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Comparative Succession LawVolume II: Intestate Succession$
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Kenneth Reid, Marius de Waal, and Reinhard Zimmermann

Print publication date: 2015

Print ISBN-13: 9780198747123

Published to Oxford Scholarship Online: October 2015

DOI: 10.1093/acprof:oso/9780198747123.001.0001

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Intestate Succession in Roman Law

Intestate Succession in Roman Law

Chapter:
(p.1) 1 Intestate Succession in Roman Law
Source:
Comparative Succession Law
Author(s):

Thomas Rüfner

Publisher:
Oxford University Press
DOI:10.1093/acprof:oso/9780198747123.003.0001

This chapter begins with the key to understanding the Roman law of intestacy – the Roman family’s legal structure. Under Roman family law, the father (pater familias) exercised almost unlimited power over his wife and the children born by her. Family members in his power could own no property and had no standing to sue in the courts. Only when the father died did his power end. Originally, not even he could end his lifelong power over the children. Yet, shortly after the law of the Twelve Tables was enacted, it became possible to release sons and daughters voluntarily through emancipatio. The chapter then discusses intestate succession under the Twelve Tables; new rules of intestacy in the pre-classical and classical eras (the praetor’s edict, Senatus consultum Tertullianum, Senatus consultum Orfitianum, Usucapio pro herede, and peculium castrense); important differences between Justinianic and classical law; and Roman rules of intestacy in the early jus commune.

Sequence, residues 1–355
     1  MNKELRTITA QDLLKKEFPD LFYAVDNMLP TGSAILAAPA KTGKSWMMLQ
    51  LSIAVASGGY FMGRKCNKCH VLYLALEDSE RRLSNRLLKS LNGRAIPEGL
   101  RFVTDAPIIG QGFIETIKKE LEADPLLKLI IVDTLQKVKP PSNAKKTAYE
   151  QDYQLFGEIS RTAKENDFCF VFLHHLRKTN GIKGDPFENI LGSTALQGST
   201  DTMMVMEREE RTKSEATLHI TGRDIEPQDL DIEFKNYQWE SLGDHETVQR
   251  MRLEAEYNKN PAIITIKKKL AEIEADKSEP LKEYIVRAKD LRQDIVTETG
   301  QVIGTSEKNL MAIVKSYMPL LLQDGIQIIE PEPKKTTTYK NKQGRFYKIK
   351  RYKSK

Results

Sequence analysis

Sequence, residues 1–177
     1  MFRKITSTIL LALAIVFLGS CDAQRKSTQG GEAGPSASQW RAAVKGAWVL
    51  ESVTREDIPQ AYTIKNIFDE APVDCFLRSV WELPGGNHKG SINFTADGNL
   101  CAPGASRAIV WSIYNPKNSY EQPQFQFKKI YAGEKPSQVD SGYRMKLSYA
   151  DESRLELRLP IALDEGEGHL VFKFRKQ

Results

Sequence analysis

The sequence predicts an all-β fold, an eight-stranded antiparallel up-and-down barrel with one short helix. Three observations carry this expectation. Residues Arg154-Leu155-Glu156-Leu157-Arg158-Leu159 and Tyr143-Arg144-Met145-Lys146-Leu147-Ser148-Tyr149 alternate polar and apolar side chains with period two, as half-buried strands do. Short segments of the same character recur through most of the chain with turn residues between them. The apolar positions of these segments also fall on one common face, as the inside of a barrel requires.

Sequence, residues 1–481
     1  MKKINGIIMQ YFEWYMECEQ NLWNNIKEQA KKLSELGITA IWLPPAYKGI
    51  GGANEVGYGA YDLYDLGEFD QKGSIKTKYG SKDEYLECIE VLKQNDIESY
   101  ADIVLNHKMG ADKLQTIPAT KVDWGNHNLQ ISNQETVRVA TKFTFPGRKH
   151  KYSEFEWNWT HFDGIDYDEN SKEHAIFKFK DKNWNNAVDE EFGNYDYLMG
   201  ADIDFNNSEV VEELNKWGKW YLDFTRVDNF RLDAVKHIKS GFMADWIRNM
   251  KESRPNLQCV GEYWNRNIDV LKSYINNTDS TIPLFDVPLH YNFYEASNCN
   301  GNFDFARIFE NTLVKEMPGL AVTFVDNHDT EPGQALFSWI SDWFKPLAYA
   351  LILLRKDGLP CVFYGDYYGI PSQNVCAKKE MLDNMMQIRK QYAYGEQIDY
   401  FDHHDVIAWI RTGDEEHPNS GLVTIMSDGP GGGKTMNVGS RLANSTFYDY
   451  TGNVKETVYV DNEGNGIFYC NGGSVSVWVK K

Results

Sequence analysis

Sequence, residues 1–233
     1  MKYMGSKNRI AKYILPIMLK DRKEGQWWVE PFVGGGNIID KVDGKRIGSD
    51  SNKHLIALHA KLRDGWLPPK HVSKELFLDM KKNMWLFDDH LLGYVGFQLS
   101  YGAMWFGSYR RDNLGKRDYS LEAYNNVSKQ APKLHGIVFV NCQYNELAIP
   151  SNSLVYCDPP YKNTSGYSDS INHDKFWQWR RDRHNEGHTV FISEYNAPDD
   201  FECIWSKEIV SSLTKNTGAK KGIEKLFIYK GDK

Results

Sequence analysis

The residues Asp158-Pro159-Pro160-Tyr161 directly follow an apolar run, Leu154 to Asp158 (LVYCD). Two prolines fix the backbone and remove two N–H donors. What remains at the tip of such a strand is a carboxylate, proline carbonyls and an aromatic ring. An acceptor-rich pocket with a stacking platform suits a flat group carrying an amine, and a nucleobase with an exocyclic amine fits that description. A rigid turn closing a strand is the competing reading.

Keywords:   Roman law, intestate succession, succession law, intestacy rules, legal structure, Roman family, Twelve Tables, Justinianic law, classical law, ius commune

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